Crankbrothers launches Kronolog dropper post

Crankbrothers is showing the depth of their knowledge with this cable actuated dropper post

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As one of the original players in the modern adjustable seat post game, Crankbrothers is showing the depth of their knowledge with its new cable actuated dropper post, the Kronolog. At first glance, the Kronolog appears to have a good shot at overcoming all other aftermarket posts. With a weight around 470 grams, the Kronolog is lighter than Specialized’s latest Command Post Blacklite and the RockShox Reverb. In addition, the Kronolog, only available in a 125mm model, offers more travel than the 75mm Blacklite as well as the 100mm Reverb. At $300 the it is a bit pricier than its competitors, but the added functionality could justify the splurge.

With dropper seatposts the major gains do not come from the weight of the product, but how it functions on the trail. Our chief complaint with both the Reverb and the Blacklite is that when the seat is dropped there is excess cable housing hanging loose around the rear shock that can snag a shoe or flap against your leg. The RockShox Reverb Stealth solved this issue with an internally routed hydraulic cable, but only certain Scott and Trek frames were drilled for a Reverb Stealth housing stop. The Kronolog fixes this issue as the cable is inserted at the top of the stationary portion of the post, making it easy for the user to secure the cable out of the riders way.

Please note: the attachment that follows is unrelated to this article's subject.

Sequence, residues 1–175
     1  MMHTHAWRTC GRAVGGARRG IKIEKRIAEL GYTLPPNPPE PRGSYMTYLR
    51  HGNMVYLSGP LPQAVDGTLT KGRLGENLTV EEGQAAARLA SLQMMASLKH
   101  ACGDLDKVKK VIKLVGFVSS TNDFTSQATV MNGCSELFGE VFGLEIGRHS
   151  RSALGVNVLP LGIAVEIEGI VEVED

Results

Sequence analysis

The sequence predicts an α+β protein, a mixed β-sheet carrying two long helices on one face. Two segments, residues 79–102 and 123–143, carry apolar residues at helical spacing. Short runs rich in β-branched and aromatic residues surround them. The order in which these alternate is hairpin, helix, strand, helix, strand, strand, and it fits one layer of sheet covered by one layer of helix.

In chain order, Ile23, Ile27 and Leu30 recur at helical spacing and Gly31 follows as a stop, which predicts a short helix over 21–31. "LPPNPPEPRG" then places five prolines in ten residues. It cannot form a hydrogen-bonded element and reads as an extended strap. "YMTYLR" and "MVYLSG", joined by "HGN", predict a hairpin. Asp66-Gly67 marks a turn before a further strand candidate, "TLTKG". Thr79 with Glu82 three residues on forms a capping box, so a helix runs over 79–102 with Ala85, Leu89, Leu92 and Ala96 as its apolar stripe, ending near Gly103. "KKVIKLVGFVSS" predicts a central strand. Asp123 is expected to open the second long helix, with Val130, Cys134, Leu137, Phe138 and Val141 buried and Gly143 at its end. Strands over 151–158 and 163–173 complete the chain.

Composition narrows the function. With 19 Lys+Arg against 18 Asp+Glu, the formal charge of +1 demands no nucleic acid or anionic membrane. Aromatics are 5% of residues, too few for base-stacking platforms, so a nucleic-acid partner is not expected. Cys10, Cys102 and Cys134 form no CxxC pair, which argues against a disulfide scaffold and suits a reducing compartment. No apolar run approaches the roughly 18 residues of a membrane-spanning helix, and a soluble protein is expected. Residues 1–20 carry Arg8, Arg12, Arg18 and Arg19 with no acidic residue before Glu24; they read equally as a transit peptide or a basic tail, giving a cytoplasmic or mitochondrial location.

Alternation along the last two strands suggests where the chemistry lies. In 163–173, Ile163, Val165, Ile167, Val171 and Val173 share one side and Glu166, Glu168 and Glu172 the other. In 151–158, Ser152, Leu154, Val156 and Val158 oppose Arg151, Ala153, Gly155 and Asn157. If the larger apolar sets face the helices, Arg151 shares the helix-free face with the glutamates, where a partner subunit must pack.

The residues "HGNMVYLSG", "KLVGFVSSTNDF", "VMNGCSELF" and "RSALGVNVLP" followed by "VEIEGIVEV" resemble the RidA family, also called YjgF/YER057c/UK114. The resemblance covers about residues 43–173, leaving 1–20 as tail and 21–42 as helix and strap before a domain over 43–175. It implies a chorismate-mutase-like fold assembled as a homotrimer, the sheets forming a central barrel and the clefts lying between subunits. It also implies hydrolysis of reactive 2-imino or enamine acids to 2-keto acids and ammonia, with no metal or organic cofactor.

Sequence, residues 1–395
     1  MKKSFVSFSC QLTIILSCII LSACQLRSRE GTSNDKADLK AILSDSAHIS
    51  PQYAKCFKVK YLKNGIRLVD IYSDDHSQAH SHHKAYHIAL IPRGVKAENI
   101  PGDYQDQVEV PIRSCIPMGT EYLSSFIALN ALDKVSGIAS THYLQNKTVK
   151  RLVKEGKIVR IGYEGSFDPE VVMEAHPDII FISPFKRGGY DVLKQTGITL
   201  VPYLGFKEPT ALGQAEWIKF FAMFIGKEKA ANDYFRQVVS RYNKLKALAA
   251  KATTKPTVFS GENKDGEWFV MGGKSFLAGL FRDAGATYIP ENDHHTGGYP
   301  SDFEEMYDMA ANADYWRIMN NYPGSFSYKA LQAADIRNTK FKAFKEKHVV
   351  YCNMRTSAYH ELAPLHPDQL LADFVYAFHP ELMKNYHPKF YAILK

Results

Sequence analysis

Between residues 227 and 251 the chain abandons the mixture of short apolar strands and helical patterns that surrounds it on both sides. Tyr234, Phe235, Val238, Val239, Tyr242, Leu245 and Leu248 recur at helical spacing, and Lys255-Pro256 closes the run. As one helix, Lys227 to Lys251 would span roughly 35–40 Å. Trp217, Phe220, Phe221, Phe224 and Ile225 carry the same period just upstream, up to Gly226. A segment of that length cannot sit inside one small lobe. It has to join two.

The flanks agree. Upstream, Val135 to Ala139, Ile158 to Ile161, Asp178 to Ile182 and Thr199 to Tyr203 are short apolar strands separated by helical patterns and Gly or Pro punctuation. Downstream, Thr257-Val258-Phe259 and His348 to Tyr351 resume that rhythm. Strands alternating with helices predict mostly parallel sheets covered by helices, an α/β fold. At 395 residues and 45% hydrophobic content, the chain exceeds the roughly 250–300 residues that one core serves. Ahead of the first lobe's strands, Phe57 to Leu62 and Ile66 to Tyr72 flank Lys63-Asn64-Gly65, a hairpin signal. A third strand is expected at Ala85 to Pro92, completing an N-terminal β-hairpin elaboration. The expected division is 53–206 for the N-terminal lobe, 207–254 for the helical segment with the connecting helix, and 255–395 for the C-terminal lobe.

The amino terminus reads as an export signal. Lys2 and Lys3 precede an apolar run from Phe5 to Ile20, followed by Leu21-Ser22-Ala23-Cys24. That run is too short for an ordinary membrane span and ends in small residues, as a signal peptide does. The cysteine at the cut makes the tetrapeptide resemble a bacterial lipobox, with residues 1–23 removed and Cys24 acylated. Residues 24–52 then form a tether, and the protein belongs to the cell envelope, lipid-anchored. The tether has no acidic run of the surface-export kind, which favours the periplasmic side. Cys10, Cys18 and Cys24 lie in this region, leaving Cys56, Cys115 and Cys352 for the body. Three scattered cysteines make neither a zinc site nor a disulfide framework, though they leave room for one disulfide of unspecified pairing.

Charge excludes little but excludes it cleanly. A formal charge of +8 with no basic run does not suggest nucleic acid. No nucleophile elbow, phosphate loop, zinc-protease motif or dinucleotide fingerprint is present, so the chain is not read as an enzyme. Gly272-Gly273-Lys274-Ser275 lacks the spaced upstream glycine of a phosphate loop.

Another improved feature of the Kronolog is the keyed shaft, which eliminates any sort of rotational play in the post. The Kronolog uses an air-powered shock with a cable pull from the handlebar, though Crankbrothers claims that its lever has a very hydraulic feel.

Unlike the Blacklite, which locks into place at three preset points, this similar air-powered shock can stop anywhere within the 125mm range. The post can also have the travel lowered 20mm at a time, by inserting spacers. Furthermore, the air spring can have the pre-load and return speed adjusted to rider preferences. The only initial quarrel I have is with the size of the Kronolog lever. It looks rather bulky on the handlebars in every shot I have seen.

Crankbrothers claims that the Kronolog is twice as strong as any other adjustable post on the market. Should that hold true and it functions reliably at the claimed weight, then the Kronolog will be the benchmark for adjustable seatposts.

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